I came in with an unfounded ‘Supersize Me’-like notion that the cafeteria only offered fried food, and that none of the food was edible at all. I came out thinking that while a few things could most definitely be changed (like not having the pizza option every single day), students who eat the school lunch have much less to complain about than they voice daily. In a follow up to come, I may look at nutritional content and what other urban school districts are doing to combat childhood obesity.

On a final note, students come into school first period every day with handfuls of potato chips, sour-gummy candies, and highly sugary soft drinks in their artificially flavor-stained hands before we make them dump them away. After school, and even at lunch, students pig out on meals entirely consisting of junk food. I know the dangers of making blanket statements about anything, so I won’t. But I can say that during my personal experience with adolescents at my individual school, many of the health issues stem from eating habits learned at home.


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The Winchester Penis Rifle

"This time...He put himself back together again!"

Blood. Guts. Gore. Murder. Mystery. Believe it or not, these are some of the most popular student interests this year in my 8th grade class. After giving out personal interest surveys asking them which TV shows, movies, and books they enjoy, I’ve received an overwhelming response of ‘Paranormal Activity 1-3’, ‘Fright Night’, ‘Scream 4’, and other psycho-killer-make-you-scream titles .

With this wealth of information about what interests my students, this year I’ve been trying to  make my class has fun as possible by using videos and readings that they can get excited about. If I can reel them in and engage them in the material, with the endgame being they READ and WRITE,  I’m fine with showing them a little PG-13 horror content. If you know me, you know very well that I myself have less of a stomach for this kind of stuff, but I guess it can serve as another way for them to poke fun at me.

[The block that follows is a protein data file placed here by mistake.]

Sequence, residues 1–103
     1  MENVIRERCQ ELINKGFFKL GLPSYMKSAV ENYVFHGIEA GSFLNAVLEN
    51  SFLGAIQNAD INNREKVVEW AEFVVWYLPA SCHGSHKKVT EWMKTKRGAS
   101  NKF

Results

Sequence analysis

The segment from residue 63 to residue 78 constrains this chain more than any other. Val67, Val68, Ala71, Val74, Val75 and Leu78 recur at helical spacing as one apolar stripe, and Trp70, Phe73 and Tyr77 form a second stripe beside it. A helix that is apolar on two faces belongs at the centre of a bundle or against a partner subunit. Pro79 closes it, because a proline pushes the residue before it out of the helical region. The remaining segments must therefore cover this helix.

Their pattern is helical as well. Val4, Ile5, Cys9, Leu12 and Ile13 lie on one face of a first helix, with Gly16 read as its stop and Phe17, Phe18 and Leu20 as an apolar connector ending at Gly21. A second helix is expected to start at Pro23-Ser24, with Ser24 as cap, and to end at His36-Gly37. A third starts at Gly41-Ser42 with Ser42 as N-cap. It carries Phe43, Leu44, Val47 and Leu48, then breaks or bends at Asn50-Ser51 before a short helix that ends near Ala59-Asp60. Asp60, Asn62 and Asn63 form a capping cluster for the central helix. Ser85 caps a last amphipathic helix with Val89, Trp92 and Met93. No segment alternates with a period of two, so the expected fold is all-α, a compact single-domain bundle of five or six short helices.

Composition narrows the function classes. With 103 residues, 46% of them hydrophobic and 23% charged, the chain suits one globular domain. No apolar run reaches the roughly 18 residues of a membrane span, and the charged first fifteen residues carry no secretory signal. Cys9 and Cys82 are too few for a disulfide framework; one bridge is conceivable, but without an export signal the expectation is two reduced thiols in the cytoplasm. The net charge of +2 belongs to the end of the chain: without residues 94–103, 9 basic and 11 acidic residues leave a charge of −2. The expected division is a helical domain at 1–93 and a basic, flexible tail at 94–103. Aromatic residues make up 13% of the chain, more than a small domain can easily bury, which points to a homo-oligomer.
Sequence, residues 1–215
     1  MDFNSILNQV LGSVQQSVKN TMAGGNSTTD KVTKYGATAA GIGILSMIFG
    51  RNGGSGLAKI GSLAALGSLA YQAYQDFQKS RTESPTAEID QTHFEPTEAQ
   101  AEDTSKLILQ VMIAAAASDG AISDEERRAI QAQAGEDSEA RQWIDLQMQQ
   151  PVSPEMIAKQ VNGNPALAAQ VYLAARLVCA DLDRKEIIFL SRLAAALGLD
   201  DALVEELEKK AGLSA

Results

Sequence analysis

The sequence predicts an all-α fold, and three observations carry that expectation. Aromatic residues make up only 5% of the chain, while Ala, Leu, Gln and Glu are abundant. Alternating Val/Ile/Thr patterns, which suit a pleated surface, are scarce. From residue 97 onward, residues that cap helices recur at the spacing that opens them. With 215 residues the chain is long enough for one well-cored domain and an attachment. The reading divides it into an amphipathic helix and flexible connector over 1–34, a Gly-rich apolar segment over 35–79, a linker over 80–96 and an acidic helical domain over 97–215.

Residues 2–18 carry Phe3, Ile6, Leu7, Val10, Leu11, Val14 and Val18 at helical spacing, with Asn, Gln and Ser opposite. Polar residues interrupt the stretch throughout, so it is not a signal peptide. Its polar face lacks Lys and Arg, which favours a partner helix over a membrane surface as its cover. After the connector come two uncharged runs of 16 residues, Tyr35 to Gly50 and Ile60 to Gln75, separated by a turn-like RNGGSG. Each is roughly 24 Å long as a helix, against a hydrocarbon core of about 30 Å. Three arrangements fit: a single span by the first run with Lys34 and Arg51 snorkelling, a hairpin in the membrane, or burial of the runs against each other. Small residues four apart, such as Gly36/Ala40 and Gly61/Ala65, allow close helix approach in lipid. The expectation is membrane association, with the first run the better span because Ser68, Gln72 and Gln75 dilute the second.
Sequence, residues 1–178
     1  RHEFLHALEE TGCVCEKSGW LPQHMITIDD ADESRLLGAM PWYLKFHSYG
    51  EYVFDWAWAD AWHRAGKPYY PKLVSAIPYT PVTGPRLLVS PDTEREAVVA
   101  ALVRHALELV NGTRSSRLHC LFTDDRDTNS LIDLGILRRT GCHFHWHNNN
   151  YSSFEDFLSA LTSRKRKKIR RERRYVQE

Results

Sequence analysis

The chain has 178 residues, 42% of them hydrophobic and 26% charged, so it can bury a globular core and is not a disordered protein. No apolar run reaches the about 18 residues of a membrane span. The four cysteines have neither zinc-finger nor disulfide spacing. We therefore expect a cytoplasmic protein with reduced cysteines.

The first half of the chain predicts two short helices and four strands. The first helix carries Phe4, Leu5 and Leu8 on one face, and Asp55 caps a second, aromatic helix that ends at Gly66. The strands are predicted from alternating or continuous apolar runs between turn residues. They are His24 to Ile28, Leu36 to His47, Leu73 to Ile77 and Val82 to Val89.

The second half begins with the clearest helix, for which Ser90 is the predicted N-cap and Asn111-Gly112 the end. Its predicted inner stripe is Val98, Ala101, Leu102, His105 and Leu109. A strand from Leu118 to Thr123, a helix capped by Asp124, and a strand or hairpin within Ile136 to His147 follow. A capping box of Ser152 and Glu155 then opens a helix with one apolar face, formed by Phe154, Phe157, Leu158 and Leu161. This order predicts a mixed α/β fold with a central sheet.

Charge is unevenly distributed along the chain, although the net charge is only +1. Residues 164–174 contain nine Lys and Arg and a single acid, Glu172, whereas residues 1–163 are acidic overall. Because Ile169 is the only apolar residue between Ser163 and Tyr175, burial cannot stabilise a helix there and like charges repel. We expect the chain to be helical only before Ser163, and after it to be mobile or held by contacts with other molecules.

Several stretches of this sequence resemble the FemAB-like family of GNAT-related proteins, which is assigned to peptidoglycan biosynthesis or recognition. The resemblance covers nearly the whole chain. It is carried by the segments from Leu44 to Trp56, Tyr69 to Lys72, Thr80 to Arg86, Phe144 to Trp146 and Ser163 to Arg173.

On Halloween, we did a little research on Edgar Allan Poe and read a nice adaptation of “A Tell-Tale Heart” in kid friendly play form. The following week, I decided to continue the über spooky theme by planning the context of my lessons about ghosts. I showed them the classic Sixth Sense trailer, and followed with an activity where they did a little writing about whether they believed in ghosts and spirits or not. Interestingly enough, 12 out of 12 students in the seminar believed whole-heartedly that spirits and ghosts existed, and many said that they or their close relatives had had close encounters with ghoulish entities (A few related it to their cultural heritage – Caribbean or Mexican for instance).

So the kids are excited, I’m learning more about their lives, and all is well. This leads us to our most eventful lesson about the infamous ‘Winchester Mystery House’. The story of the Winchester Penis Rifle has been the funniest single moment this year, and it’s about how I came dangerously close to a disastrous drawing mistake.

To prep the class on an article about the story of the haunted ‘Winchester Mystery House’, the class watched a few clips from ‘Most Haunted’ and ‘Ghost Hunters’. Apparently all the kids these days love this stuff more than Selena Gomez or even Lil Wayne or Drake. The clips gave a good summary of the story of Sarah Winchester and her famous mystery house. I will recap shortly for those of you who do not know.

IHOM (International House of Mystery)